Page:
Zorin OS looks and behaves in many ways just like Windows and you can choose which Windows version you want it to look like, whether that is Windows XP or Windows 7.

The installer for Zorin is the same as the Ubuntu installer and so it is very easy to install and it comes with all multimedia codecs pre-installed.

Zorin OS comes with a good selection of software including the LibreOffice office suite, VLC media player, Banshee audio player and the GIMP image editor.

PlayOnLinux is installed which makes it possible to run Windows software (although not every application works).

Zorin has a look and theme changer and also has some fairly nice desktop effects.

Zorin is number 4 on this list because there are a few glitches, it uses the software centre and there isn’t as much support for Zorin as there is for Ubuntu, Linux Mint and PCLinuxOS.

Click here for a full review of Zorin OS 9

5. Netrunner

Number 5 on this list was difficult to choose because it meant leaving other distributions out.
I went for Netrunner because having recently used it I found it to be very intuitive and easy to use.
Netrunner takes a Kubuntu base and subtly improves it by including the multimedia codecs and some useful software that Kubuntu doesn’t have by default.
The installer is the same as the Kubuntu installer. The Kubuntu installer is a little bit better than the Ubuntu one because it lists all the stages down the left hand side making it more linear and you can see how many steps you have left before the installation is complete.
Netrunner has a really good selection of software and it includes games, video editors and screencasting tools on top of the usual office suites and internet tools. Skype is also included.
The package manager for Netrunner is called MUON and it is much better than the Ubuntu Software Centre.


These are the 5 Linux distributions that I would recommend to new Linux users and to people who just want to use their computer as a computer and who aren’t that interested in getting too deep and dirty with their operating system.
This list could easily have been the 10 easiest to use Linux distributions but 5 is a good number because it shows new users just where to begin yet still provides a limited amount of choice.
As I mentioned in the introduction these Linux distributions work better when installed on modern computers. If you have an older computer click here.
Remember that you can subscribe to this blog via email by entering your details on the right hand side. Also if you want to get in touch, I am on twitter via the handle @dailylinuxuser.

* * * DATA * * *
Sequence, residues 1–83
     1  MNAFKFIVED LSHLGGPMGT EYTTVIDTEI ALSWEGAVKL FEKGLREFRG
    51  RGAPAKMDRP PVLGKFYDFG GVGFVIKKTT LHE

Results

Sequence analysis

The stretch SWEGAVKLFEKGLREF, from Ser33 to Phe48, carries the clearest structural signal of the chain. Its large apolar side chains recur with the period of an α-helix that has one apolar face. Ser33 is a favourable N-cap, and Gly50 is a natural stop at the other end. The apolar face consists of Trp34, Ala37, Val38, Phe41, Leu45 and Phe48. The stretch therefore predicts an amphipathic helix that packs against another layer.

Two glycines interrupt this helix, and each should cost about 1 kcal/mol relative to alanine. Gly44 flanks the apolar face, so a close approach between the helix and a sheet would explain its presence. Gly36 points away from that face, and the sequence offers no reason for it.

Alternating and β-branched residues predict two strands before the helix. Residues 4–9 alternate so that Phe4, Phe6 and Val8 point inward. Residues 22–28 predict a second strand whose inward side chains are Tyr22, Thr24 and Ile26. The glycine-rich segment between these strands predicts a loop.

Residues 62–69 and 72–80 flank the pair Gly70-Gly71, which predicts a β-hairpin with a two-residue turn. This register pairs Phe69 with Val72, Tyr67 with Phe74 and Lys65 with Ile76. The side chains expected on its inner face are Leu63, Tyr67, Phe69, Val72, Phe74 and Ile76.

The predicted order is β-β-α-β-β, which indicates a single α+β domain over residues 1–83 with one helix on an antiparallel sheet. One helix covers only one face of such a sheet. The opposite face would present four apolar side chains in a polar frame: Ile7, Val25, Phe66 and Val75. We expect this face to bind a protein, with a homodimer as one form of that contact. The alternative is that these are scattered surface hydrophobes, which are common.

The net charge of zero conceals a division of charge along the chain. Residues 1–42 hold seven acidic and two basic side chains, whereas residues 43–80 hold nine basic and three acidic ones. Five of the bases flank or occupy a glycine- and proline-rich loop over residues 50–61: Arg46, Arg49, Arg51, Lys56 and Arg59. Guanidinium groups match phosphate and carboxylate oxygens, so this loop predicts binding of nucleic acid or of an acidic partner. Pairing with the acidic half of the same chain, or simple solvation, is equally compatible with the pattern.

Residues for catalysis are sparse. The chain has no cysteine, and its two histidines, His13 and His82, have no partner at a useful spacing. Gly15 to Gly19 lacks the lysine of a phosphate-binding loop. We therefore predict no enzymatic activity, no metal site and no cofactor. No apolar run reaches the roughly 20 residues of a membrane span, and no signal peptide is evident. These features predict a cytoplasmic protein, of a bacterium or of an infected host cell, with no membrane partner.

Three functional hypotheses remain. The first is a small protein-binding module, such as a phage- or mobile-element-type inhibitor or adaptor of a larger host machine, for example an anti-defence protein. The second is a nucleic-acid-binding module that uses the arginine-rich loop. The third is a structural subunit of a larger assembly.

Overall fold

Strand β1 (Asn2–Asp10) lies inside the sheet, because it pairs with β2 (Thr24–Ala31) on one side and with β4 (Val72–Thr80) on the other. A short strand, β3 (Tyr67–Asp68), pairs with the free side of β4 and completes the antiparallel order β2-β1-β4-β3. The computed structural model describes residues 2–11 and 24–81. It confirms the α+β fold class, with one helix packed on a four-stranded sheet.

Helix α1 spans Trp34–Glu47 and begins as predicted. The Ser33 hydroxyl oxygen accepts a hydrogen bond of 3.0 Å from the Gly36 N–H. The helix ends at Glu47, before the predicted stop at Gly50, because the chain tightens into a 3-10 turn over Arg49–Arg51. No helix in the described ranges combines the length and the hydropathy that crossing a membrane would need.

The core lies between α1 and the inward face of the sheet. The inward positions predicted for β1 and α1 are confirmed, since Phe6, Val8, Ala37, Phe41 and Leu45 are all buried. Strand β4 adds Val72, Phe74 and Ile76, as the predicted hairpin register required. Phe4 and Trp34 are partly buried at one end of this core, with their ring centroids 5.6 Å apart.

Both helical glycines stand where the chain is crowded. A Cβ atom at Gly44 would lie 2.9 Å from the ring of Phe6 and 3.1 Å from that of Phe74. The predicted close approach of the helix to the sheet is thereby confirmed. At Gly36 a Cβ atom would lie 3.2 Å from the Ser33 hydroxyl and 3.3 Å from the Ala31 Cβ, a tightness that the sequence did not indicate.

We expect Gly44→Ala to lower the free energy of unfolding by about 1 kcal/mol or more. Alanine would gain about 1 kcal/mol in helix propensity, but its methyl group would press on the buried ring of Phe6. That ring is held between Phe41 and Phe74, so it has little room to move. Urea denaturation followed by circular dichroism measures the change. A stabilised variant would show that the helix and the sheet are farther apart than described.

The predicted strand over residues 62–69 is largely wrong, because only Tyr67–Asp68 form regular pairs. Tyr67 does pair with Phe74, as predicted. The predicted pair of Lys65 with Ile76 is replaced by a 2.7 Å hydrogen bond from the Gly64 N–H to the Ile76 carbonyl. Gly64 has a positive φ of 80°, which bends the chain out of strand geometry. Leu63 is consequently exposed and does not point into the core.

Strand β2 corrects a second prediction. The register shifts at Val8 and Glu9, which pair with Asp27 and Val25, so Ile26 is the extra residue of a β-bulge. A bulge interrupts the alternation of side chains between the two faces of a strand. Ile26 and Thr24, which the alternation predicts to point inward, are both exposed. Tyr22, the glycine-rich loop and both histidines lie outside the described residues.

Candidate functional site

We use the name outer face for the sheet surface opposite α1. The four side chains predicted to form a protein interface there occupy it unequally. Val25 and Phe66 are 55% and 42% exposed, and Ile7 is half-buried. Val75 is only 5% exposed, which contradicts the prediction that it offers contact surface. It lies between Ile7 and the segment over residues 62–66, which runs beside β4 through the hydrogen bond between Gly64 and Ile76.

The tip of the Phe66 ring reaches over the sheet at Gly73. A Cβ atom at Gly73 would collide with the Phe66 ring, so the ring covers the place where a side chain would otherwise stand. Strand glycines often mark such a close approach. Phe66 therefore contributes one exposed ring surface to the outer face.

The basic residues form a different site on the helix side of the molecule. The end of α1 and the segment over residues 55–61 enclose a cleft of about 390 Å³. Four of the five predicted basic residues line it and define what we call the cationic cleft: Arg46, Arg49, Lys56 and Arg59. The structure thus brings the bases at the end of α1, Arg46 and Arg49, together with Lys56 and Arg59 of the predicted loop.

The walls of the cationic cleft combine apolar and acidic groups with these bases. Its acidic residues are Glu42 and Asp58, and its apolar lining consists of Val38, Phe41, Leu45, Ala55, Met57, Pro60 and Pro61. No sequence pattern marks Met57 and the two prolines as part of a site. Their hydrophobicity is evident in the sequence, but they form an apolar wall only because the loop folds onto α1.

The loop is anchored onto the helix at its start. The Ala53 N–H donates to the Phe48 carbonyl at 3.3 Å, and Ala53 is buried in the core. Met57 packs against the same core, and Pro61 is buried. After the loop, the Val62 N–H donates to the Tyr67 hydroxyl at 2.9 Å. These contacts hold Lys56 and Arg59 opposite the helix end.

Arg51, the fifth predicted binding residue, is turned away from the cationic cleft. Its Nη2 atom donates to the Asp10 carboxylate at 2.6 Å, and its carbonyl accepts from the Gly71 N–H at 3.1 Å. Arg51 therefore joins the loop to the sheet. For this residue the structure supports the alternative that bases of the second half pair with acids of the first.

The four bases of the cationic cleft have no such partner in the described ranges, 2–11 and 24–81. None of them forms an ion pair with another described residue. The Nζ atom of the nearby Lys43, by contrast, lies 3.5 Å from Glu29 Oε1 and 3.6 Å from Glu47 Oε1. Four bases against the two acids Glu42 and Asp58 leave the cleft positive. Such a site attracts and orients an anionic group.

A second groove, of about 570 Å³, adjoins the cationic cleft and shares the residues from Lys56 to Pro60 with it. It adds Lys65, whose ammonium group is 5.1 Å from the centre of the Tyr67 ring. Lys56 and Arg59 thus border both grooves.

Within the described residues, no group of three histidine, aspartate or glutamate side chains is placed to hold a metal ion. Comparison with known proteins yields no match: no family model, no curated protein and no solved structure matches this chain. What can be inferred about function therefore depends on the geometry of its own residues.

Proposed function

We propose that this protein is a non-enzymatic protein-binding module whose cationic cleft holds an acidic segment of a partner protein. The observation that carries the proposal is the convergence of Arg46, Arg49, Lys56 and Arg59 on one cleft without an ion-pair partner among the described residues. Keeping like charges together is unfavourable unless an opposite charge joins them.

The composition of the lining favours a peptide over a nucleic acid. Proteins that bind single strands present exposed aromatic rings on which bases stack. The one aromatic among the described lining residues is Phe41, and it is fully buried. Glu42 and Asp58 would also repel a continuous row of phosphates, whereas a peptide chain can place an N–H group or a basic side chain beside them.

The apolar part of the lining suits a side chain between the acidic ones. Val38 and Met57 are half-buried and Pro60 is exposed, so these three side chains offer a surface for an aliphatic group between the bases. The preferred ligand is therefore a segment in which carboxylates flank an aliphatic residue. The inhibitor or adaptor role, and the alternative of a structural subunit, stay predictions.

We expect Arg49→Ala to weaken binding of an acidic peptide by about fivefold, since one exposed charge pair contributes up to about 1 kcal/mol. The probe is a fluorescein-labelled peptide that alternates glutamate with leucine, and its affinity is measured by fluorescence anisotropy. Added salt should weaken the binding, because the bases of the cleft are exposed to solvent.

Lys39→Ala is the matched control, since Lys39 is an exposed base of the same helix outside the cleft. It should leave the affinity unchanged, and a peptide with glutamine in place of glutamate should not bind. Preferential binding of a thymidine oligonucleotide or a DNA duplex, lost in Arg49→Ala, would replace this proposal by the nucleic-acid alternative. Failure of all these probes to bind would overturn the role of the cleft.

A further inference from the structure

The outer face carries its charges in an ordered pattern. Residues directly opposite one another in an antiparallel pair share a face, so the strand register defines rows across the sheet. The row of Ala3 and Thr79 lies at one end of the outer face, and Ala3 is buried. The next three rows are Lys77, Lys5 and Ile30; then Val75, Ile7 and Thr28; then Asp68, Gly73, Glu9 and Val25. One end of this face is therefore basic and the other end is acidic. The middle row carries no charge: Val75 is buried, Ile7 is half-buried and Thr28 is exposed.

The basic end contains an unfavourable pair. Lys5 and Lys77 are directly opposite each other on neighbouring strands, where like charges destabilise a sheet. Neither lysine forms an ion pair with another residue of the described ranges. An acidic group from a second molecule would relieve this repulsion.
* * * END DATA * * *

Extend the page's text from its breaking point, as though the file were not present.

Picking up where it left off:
Thankyou for reading


  1. I agree those are most newbie friendly but IMO Arch IS easier to use thanks to pacman 🙂 No doubt that for someone new to the wonderful world of Linux Mint and Xubuntu is what I reccomend but if you have used Linux for a while Arch or Arch based is much easier to use than any apt distro.

    • I haven't gone into too much detail about Arch on this site and I must admit I have only dabbled with it thus far so can't give an informed opinion. The one thing I would say is that the documentation is fantastic

    • Don't be ridiculous, Anonymous. Arch is not easy to use. It is a pita to install and a pita to configure. Easy means a next-next-finish installation, and configuration using a GUI environmant, and a user-friendly community. Arch misses all of these things. Don't get me wrong: Arch can be wonderful if you know what you are doing, but that is not the focus here.

  2. I often find that the best distro for a new user is the one that their helpful friends/mentor uses. It's no use if you pick a friendly distro that your friends don't use. When you have problems you are on your own and as good as the forums are it's a lot more use to have a tame export who can help out in exchange for tea and cakes… (or beer or whatever).

    • Then, perhaps, in all fairness, you should list all the systems you HAVE used and TESTED and then provide the ammended statement: Of the following systems I have tried (enumerated), I find the following five to be the "easiest" to install/utilize.